Representative Hill Resignation

Scrutiny Reveals Sexist Double Standards


Claire Emison

Representative Katie Hill resigned due to right-wing pressure.

Leo Barron, Managing Editor

The case of Katie Hill is a peculiar one. When she won her seat in 2018, she was the first Democrat to win in California’s 25th Congressional district in 25 years, and she showed promise as an up-and-coming new member of the House of Representatives. Unfortunately, her political allure was soon lost when nude pictures of her surfaced on the internet, and reports of an affair she had with one of her staff members started to leak. Due to pressure from right-wing groups, such as Breitbart and the website that published her pictures, RedState, media scrutiny increased, and Hill felt that she had to resign. But she did not leave quietly. In her resignation speech, she said, “I am leaving because of a misogynistic culture that gleefully consumed my naked pictures, capitalized on my sexuality and enabled my abusive ex to continue that abuse, this time with the entire country watch-
ing.” Is she right? In short, yes. Let’s look at the facts.

Due to pressure from right-wing groups … and with increasing media scrutiny on her, Hill felt that she had to resign.

Firstly, affairs between staffers and congressmen have become commonplace, yet when a congresswoman and a staffer have an affair, they are shamed and, most of the time, forced to resign. In fact, a current member of Congress, Duncan Hunter, a Republican man also from California, is currently being accused of the exact same misconduct, yet there are few calls for his resignation from the media or members of Congress. Additionally, two of the five sitting Republican justices on the Supreme Court have been publicly accused of sexual assault, and what was their punishment? Nothing—they got a slap on the wrist and were both confirmed to sit on the Court for the rest of their lives. So what could possibly be the reason that Hill, a talented young politician who campaigned on the promise of being a voice for millennials, was forced to resign? It’s pretty obvious: They’re men, and she is not.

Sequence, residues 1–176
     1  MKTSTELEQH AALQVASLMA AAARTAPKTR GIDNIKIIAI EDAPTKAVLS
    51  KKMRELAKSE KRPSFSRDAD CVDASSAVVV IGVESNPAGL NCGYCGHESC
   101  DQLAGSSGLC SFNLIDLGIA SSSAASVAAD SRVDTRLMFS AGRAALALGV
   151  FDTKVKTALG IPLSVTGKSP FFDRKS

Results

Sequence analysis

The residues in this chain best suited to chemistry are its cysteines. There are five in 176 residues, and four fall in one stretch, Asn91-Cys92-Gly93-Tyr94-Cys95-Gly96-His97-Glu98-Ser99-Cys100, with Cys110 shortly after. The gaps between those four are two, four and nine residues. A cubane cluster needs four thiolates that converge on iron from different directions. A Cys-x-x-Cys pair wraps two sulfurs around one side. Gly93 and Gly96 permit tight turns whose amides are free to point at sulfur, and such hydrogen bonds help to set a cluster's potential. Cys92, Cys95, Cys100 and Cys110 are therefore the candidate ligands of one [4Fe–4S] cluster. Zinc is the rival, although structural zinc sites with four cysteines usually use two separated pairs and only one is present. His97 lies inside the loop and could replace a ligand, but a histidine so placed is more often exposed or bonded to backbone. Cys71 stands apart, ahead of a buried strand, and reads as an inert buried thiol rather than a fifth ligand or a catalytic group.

A woman fighting back against the intense scrutiny on her is not fully accepted in America yet.

The House of Representatives passed a rule last year that bars relationships between its members, and while I am in total support of that new rule, there is not a doubt that Hill has been unfairly targeted when compared to the treatment given to her male counterparts. Perhaps it was wrong of Hill to be involved in a relationship with her staffer, but there is no doubt that had she been a man, media attention on her would have been almost non-existent. If we lived in a world where men in power were treated the same as women in power, myself, as well as the rest of the country, would be calling for her resignation. But that is not the case.

Given the circumstances, I understand her decision to resign, but a part of me Representative Hill Resignation wishes that she would fight back and show that a woman can have an affair and keep her political dreams alive just as men have throughout American history. Of course, it is never that easy, and Hill probably made the right decision, as the public’s opinion of her was deteriorating, but the double standard is clear. A woman fighting back against the intense scrutiny on her is not fully accepted in America yet, and, until public opinion starts to change, that will unfortunately continue.

This piece also appears in our November 2019 print edition.